Is the meaning of Rhett's confession of visiting a little boy in New Orleans?

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Ashley Kannan eNotes educator| Certified Educator

Rhett Butler is shown to be a fairly complex character.  In a work where so many of the men are disturbingly one dimensional, Rhett is multi- layered and different facets of his character are revealed.  Perhaps, it is for this reason that Scarlett can never quite get a hold of who Rhett is, demonstrating that she is not the only complex character in the work.  Rhett's motivations for confessing the visiting of the little boy in New Orleans can reflect this complexity.  There is not much in way of definitive answers given, but I think that the underlying element is that it does show Rhett's complexity.  He does have a penchant for children, something that Belle will reaffirm in their discussions about he and Scarlett. Rhett's sensitive side to children is evoked in his confession, something that he must know will throw Scarlett for a loop because her thinking is embedded in the idea that men do not have the capacity to care for children. This gap in perception is evident in how Rhett takes care of Bonnie, something that Scarlett fails to grasp.  At the same time, his confession reflects a certain vulnerability in Captain Butler, a sensitive arena in a time period where sensitivity becomes challenged by so many.  He divulges this to Scarlett to make this evident to her, something that, in general, she fails to grasp until it is far too late.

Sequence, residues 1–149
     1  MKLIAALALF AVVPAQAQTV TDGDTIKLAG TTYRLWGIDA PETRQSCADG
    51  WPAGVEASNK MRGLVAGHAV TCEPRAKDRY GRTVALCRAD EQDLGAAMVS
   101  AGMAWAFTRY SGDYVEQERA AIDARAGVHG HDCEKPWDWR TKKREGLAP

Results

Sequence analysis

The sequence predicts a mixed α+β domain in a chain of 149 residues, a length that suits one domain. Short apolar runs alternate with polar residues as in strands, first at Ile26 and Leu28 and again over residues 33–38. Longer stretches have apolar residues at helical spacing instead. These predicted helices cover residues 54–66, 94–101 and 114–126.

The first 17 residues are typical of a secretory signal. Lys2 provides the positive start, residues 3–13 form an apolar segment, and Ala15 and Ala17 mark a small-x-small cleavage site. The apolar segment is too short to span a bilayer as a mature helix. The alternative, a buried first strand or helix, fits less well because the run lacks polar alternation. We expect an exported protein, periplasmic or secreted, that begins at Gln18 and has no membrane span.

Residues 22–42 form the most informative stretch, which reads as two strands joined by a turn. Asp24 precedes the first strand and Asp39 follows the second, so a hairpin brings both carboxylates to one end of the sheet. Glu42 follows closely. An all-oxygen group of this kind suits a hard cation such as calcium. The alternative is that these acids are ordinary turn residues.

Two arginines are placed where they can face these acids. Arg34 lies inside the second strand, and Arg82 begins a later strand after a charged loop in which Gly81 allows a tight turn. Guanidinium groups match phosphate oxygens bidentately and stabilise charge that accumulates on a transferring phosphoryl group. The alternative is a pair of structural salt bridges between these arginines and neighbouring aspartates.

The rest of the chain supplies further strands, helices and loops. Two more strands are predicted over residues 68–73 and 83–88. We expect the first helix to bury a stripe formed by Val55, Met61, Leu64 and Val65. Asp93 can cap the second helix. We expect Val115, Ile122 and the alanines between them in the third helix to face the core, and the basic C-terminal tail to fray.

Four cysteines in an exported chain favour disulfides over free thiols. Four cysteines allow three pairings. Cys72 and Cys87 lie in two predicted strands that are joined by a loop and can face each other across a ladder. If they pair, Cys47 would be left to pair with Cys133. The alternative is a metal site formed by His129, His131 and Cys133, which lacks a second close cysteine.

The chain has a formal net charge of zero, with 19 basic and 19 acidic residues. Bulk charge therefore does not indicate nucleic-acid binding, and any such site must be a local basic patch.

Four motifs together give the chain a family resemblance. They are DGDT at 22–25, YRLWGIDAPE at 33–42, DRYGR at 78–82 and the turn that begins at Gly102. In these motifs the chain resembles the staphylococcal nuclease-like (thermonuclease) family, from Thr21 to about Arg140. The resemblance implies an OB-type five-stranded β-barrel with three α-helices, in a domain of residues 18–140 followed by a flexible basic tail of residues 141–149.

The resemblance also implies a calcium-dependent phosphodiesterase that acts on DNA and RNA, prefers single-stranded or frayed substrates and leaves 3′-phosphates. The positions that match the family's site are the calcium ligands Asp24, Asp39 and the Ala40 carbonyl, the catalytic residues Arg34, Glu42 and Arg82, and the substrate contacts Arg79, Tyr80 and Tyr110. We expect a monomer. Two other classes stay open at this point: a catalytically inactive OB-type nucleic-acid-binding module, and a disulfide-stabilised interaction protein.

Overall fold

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Gone with the Wind

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